If someone showed me Snake Rattle and Roll and told me it was a SNES game, I would believe them. It looks too nice to be a NES game, with great 3D looking graphics in a colorful cartoon style.
In Snake Rattle and Roll, you must get your snake to the end of each platforming stage. However, to unlock the door you must stand on some scales. If you’re not heavy enough, the door won’t open.
As everyone knows, when a snake eats something, it gets longer (this fact was later solidified by Snake on Nokia 3310). In Snake Rattle and Roll, there are three colours of balls you can eat. Yellow is the best, while red/blue depend on the colour of your snake as the matching one is best.
Snake Rattle and Roll flows very nicely, with very smooth controls. This, however, can also be a problem. Lots of stages have no edge, so you’ll find yourself sliding off the edges a lot. The isometric view, while lovely, can also make some jumps difficult, and there are a lot of jumps where you’ll need to jump diagonally (in terms of pushing diagonally on the controller, everything is technically diagonal in terms of visual direction), and some jumps where you need to alter course mid-air.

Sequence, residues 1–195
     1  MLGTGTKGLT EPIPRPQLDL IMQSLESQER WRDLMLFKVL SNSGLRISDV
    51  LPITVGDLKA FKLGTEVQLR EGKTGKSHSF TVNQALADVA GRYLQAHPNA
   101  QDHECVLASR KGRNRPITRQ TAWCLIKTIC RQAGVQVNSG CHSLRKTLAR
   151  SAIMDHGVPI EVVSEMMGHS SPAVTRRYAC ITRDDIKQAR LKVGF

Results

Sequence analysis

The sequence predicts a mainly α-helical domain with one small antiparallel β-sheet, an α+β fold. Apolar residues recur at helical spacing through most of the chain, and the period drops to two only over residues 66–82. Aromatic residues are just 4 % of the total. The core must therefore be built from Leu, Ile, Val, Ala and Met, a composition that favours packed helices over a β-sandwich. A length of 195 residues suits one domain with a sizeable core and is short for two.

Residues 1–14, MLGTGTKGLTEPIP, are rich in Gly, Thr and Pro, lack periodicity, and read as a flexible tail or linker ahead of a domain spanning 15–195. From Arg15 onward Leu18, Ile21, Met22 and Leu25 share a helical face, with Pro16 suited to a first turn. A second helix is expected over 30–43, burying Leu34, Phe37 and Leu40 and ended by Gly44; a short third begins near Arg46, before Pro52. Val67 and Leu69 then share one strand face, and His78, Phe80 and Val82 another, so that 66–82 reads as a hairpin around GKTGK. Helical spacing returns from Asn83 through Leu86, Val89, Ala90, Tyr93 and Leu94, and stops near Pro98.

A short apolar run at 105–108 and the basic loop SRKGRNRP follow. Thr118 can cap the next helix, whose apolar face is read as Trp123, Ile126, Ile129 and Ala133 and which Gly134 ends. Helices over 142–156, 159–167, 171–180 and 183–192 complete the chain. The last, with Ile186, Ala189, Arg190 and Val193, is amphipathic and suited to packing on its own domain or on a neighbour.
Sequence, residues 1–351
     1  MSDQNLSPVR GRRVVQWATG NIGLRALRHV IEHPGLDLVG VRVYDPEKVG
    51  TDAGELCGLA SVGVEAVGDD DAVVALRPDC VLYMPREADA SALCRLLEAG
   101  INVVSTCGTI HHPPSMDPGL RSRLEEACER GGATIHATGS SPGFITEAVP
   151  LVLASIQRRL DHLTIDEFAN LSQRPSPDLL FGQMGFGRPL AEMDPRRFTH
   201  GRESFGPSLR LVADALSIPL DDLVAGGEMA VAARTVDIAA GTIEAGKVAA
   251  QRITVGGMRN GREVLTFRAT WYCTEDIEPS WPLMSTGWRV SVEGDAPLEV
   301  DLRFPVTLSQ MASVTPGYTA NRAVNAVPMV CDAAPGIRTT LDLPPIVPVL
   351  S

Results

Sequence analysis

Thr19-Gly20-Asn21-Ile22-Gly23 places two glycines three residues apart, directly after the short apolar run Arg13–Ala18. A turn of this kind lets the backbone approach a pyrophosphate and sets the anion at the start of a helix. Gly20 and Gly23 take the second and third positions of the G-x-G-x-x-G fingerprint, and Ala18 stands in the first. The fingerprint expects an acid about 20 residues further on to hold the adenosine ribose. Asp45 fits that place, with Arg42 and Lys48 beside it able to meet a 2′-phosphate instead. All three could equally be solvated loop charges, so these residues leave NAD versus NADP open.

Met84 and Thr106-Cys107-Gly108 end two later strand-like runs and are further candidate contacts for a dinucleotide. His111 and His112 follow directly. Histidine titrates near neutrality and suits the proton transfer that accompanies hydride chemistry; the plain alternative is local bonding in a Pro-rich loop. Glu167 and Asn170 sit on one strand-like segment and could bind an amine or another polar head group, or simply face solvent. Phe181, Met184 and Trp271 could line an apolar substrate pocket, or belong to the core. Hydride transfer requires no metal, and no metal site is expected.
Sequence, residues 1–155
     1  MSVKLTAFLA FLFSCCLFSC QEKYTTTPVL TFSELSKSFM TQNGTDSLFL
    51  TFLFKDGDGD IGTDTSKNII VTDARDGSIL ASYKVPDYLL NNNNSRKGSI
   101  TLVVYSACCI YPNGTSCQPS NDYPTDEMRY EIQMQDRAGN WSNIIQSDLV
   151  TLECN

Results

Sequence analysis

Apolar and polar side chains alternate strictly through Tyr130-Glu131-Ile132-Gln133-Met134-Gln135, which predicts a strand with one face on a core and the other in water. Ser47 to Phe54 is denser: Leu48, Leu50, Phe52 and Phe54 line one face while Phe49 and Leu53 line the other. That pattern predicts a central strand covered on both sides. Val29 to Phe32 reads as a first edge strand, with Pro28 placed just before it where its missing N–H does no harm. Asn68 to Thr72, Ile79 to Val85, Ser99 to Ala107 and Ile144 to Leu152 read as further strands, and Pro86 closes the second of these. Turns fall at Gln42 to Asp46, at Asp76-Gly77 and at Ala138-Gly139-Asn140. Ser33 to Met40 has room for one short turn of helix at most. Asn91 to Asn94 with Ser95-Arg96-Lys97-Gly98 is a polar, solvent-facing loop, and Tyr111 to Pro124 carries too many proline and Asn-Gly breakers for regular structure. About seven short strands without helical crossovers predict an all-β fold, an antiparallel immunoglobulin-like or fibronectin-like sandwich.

To start with, these jumps, while difficult, are still an acceptable difficulty. But towards the end, Snake Rattle and Roll really ramps up, with wild jumps you need to make while avoiding obstacles. Then you reach some ice levels, so you’ll be sliding even more, with lots of uphill ice slopes.
The final boss is also ridiculous, and is incredibly difficult even with the rewind feature. It doesn’t look like much, as it’s a small foot that hops around in a preset pattern, but it takes a lot of hits (possibly 50ish), all while meteors fly at you from all directions. To make matters worse, if you miss for more than half a second (while it jumps away, or to not get hit by a meteor), it’s invisible health resets and you effectively have to start from scratch.
With that said, Snake Rattle and Roll still feels like fun, even when you’re constantly failing (final boss excluded). It feels like it was designed with 2 players in mind, competing for points and laughing at each other’s failures, rather than actually completing the game.
The snapshots were pretty enjoyable for this, with a few being about beating levels under certain conditions (like not being able to eat things).